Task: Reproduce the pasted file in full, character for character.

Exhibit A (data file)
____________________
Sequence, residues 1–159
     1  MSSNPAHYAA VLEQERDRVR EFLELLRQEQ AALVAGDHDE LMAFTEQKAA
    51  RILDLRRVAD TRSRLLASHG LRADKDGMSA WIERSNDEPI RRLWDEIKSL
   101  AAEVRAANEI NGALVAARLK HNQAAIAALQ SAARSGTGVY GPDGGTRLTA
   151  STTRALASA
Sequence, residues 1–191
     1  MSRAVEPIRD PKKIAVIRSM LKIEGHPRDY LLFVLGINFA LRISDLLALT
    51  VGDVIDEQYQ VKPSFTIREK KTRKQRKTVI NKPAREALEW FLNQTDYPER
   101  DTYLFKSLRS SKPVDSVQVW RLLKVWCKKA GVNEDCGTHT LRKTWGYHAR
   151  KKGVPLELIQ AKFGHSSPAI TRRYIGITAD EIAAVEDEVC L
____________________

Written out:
Sequence, residues 1–159
     1  MSSNPAHYAA VLEQERDRVR EFLELLRQEQ AALVAGDHDE LMAFTEQKAA
    51  RILDLRRVAD TRSRLLASHG LRADKDGMSA WIERSNDEPI RRLWDEIKSL
   101  AAEVRAANEI NGALVAARLK HNQAAIAALQ SAARSGTGVY GPDGGTRLTA
   151  STTRALASA
Sequence, residues 1–191
     1  MSRAVEPIRD PKKIAVIRSM LKIEGHPRDY LLFVLGINFA LRISDLLALT
    51  VGDVIDEQYQ VKPSFTIREK KTRKQRKTVI NKPAREALEW FLNQTDYPER
   101  DTYLFKSLRS SKPVDSVQVW RLLKVWCKKA GVNEDCGTHT LRKTWGYHAR
   151  KKGVPLELIQ AKFGHSSPAI TRRYIGITAD EIAAVEDEVC L